Bike: 2012 Kona Satori
Size Tested: 18”
Weight (with pedals): around 31.5 lbs.
Intended Use: That’s a bit up in the air. Presumably all-around trail slayage.
Test Locations: A few rides around Winter Park, Colorado, and then a couple more in Whitefish, Montana. Trails were mostly XC-ish, but ranged from loose gravel to hardpack to loam.
Rider: 5’9” 150 lbs. Prefers trails that are downhill both ways.
Days on the bike: 5
The build: Stock as it comes from Kona. Rockshox Revelation RLT w/ 140mm travel, Fox Float RP23 Rear Shock giving 130mm travel, Easton Vice wheels, X9 / X7 derailleurs and shifters, Maxxis Ardent tires, various Kona branded parts (bar / stem / seatpost)
Due to a little snafu (read: “injury”), I didn’t get to spend as much time on the Satori as I’d hoped, but I still got a general sense of what the bike was about, and BLISTER reviewer Joe Hanrahan is currently riding and working on a follow up review to this one.
Intro, Specs, and Stats
The Satori is Kona’s attempt to make an aggressive 29er trail bike (like the Kona Honzo) but in a full suspension package. The recent trend in 29ers has been to cater to trail riders who are looking for a bike that has the climbing and rolling benefits of the larger wheelsize, but in a package that can hang with its 26” brethren on the descents. Personally, this is what I look for in a 29er, and it’s what I was hoping to find in the Satori.
To a large extent, the Satori achieves this goal. It has a fairly slack 68-degree head angle, a relatively low 13.3” bottom bracket, and short 17.3” chainstays (not bad for a bike with 130mm of travel). By the numbers, the Satori should be a bunch of fun on the trail, and in certain situations, it was really fun; in other situations, however, it felt a bit confused.
The Satori’s cockpit is spec’d more or less like a trail-friendly cross-country bike: it has a long-ish 90mm stem, narrow (by modern standards) handlebars, and a non-dropper seatpost (that doesn’t have a quick release, much to my disappointment). All of these parts make it less enjoyable on the downhill, and they’re probably things that I would look to swap out. But at the same time, if I was looking for a bike to do a four-hour climb, this isn’t the bike I’d be looking at, which is why I’m a little confused as to what the target market for this bike is.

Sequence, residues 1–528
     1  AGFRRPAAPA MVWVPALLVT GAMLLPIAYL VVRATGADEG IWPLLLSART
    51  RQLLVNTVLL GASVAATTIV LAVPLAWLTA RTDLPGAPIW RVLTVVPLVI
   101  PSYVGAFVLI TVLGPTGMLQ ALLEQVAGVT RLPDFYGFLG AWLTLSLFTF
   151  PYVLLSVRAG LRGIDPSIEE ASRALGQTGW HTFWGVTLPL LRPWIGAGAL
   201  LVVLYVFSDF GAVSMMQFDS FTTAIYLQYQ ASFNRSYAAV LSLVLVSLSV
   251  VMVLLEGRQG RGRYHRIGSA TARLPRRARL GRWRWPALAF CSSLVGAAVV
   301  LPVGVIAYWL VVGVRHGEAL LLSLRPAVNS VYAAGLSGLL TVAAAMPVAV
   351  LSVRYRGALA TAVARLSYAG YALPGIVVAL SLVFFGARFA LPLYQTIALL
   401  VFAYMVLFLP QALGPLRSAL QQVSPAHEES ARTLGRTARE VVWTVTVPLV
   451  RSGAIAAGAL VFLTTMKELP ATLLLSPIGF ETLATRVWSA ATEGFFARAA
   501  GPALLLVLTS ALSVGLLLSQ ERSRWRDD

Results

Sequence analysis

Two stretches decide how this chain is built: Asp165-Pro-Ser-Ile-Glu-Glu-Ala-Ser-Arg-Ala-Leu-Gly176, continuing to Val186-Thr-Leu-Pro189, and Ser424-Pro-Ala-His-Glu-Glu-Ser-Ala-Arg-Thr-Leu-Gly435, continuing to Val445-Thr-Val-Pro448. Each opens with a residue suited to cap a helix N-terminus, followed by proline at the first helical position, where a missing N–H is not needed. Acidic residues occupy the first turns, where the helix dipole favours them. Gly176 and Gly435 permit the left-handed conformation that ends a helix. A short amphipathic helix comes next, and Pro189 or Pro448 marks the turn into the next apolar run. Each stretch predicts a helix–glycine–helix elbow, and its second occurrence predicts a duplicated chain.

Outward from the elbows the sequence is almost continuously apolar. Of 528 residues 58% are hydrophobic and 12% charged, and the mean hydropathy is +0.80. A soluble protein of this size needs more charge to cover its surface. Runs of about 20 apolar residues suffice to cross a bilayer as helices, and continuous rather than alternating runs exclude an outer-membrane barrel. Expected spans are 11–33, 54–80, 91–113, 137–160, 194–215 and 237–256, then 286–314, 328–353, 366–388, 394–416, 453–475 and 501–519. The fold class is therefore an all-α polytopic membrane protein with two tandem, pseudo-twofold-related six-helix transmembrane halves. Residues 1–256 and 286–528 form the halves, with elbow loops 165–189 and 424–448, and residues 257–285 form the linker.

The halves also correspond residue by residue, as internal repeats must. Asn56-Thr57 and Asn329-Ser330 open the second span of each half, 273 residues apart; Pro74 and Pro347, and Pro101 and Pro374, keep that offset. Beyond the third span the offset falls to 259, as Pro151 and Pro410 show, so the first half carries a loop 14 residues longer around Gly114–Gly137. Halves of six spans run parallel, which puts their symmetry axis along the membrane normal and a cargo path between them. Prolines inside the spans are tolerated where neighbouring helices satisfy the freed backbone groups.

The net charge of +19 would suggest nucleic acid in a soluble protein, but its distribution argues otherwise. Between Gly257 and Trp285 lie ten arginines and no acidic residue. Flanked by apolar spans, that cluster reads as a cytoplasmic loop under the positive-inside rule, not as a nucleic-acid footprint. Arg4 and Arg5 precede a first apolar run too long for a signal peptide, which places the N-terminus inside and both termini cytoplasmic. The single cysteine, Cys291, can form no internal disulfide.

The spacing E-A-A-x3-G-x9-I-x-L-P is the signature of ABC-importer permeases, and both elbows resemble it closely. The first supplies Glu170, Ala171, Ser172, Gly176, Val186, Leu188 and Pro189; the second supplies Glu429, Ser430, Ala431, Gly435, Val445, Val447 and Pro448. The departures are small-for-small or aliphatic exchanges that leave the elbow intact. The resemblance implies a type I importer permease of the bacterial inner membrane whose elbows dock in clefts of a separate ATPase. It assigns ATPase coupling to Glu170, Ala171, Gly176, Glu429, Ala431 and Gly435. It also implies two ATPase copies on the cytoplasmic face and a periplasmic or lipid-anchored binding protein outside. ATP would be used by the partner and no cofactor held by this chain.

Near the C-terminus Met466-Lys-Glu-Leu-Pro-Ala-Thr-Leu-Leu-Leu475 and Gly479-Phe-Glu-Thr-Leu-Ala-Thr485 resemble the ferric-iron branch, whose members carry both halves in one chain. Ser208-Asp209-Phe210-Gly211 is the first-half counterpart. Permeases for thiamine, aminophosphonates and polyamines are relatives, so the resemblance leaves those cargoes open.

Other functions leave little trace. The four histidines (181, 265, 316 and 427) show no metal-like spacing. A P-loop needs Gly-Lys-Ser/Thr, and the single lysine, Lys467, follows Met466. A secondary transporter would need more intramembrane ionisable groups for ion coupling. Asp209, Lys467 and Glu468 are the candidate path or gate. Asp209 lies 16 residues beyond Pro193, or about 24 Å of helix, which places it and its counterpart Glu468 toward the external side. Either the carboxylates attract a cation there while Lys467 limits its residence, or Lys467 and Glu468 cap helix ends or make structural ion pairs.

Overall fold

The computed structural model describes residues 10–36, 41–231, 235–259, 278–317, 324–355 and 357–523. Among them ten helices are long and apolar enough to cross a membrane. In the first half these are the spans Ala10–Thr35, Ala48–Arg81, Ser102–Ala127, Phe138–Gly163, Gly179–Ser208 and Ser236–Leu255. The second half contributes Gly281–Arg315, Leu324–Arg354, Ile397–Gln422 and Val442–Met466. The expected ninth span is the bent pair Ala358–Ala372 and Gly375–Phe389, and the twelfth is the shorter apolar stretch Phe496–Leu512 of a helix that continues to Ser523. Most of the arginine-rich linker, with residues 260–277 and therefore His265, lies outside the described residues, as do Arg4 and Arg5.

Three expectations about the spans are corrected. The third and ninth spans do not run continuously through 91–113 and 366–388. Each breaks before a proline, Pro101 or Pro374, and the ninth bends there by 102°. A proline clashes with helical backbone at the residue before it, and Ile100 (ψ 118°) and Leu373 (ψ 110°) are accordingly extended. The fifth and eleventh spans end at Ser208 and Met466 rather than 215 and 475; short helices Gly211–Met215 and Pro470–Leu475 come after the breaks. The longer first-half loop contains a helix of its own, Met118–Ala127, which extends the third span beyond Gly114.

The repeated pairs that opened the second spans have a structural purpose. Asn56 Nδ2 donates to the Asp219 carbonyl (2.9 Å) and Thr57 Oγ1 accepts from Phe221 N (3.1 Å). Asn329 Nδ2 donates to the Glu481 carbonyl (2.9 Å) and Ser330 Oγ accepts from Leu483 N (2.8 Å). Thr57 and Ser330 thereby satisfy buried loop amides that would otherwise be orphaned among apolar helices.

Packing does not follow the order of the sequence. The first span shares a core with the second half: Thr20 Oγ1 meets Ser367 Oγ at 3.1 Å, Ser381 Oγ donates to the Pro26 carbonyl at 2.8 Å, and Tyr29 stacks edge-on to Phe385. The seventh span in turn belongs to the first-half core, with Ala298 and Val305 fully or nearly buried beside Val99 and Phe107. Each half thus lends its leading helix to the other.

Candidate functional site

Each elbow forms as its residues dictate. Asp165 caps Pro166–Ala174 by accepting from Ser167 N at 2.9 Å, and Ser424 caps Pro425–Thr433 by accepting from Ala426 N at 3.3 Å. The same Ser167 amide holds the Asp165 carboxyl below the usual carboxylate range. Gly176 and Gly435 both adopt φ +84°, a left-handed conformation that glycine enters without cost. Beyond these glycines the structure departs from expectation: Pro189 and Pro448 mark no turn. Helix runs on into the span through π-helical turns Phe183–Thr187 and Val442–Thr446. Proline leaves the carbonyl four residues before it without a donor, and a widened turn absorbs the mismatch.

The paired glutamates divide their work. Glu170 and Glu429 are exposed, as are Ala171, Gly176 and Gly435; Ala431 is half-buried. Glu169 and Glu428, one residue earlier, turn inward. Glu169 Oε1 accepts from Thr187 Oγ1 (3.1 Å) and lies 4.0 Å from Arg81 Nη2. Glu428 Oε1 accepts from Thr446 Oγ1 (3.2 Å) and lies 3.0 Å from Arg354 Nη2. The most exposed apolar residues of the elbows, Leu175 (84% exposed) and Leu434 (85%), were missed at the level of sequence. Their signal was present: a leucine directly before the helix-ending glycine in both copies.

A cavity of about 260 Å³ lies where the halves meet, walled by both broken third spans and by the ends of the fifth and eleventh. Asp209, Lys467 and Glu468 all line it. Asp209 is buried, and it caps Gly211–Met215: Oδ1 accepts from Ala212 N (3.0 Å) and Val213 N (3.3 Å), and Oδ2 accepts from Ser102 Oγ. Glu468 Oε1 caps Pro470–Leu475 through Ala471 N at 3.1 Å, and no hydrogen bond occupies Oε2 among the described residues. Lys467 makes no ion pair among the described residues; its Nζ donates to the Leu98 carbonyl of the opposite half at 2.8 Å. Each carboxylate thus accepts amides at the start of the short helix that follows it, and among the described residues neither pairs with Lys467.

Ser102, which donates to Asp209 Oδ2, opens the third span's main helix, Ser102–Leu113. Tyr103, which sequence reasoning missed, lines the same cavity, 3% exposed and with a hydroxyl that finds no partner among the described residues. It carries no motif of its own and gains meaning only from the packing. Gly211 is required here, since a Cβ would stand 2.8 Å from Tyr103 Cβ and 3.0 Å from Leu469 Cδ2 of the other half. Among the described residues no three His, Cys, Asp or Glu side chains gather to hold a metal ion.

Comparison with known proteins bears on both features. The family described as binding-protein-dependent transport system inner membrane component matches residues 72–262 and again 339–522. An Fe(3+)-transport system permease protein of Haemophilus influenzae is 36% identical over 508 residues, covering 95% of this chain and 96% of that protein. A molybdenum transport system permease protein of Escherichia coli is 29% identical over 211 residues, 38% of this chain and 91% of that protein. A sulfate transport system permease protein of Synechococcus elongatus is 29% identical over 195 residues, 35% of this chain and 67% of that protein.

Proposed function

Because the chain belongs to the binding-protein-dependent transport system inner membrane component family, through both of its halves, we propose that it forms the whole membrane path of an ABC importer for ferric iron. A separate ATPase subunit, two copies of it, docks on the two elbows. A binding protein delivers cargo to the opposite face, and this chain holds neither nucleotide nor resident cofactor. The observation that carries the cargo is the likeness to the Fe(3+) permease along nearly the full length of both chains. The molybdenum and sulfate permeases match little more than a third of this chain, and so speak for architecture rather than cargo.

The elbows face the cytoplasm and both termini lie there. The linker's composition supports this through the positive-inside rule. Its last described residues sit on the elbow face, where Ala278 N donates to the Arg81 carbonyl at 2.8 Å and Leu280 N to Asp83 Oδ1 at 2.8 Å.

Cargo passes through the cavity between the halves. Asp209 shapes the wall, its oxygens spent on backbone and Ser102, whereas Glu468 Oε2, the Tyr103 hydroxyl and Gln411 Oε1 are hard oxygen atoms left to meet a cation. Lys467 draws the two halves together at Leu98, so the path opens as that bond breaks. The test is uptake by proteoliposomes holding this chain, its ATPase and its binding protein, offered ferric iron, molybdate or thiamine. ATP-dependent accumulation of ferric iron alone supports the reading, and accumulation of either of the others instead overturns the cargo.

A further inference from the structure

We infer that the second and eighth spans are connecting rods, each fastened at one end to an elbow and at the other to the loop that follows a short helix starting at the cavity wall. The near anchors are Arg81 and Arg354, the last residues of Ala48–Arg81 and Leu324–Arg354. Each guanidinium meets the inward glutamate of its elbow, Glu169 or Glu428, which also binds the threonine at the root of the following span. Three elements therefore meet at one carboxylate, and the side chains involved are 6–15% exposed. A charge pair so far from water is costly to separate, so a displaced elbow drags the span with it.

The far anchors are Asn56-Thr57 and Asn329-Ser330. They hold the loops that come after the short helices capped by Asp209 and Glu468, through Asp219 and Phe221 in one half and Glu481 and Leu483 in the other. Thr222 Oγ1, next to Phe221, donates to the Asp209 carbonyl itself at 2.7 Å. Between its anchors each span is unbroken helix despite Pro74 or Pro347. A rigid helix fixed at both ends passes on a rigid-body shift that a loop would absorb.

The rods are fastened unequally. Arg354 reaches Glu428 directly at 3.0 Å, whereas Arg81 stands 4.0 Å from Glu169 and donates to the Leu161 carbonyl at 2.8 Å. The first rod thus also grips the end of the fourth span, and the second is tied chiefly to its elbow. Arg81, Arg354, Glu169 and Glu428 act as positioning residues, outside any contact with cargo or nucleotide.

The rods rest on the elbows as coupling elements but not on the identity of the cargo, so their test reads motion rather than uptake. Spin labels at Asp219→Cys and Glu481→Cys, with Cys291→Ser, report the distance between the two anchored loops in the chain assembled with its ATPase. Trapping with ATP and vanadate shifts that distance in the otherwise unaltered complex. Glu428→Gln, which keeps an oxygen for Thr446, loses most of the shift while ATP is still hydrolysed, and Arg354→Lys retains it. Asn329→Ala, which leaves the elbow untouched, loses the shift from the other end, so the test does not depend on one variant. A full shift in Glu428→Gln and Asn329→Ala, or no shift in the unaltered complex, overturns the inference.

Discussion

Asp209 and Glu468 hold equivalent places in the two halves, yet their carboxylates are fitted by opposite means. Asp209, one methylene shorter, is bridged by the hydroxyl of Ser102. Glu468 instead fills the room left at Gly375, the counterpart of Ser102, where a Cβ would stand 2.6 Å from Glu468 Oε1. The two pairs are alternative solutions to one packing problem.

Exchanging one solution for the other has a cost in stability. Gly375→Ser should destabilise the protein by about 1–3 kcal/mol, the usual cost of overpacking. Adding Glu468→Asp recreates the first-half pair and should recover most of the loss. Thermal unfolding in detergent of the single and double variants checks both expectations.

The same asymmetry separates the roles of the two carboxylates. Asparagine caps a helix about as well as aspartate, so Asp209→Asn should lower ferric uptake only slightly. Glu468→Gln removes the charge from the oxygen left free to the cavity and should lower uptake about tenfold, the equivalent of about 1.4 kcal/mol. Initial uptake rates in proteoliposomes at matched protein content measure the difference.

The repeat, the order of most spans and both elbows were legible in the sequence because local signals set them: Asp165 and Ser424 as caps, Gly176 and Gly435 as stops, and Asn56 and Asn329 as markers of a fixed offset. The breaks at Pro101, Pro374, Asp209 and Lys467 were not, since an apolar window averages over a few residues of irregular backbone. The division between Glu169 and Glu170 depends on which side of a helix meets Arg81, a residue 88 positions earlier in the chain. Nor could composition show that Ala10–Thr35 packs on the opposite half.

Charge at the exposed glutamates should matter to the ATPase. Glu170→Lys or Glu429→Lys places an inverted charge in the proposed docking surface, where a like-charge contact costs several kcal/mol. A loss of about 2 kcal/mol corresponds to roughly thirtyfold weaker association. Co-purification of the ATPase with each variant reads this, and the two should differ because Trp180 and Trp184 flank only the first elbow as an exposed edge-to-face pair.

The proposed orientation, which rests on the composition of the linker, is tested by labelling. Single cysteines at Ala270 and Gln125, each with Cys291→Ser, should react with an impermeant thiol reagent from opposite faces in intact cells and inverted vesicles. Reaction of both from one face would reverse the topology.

While they tell me I shouldn’t judge a book by its cover, first impressions often prove to be true, and my first impression of the Satori is that it’s a really big bike. My test Satori was an 18”, and at 5’9”, I feel that’s the right size for me. I’ve owned Konas in the past and have always ridden an 18”.
If anything, I would have liked the 23.5” top tube to be slightly longer so that I could comfortably run a shorter stem (ideally, I’d run a 70mm on a bike like this). In other words, it’s not the fit of the bike that made it feel enormous, it’s the simple fact that when you put large wheels on a longer travel bike with a slack headtube angle, you end up with a lot of bike.
The Satori has a wheelbase of around 45.5”, which is quite long. For reference, my medium Trek Session 88 downhill bike has a wheelbase of around 46”, while my medium Canfield Yelli Screamy 29er hardtail has a wheelbase of around 43”. The upside of the Satori having a wheelbase akin to a downhill bike is that it has the stability of a monster truck. Mated with the big wheels, you can plunder straight down nasty descents without blinking an eye.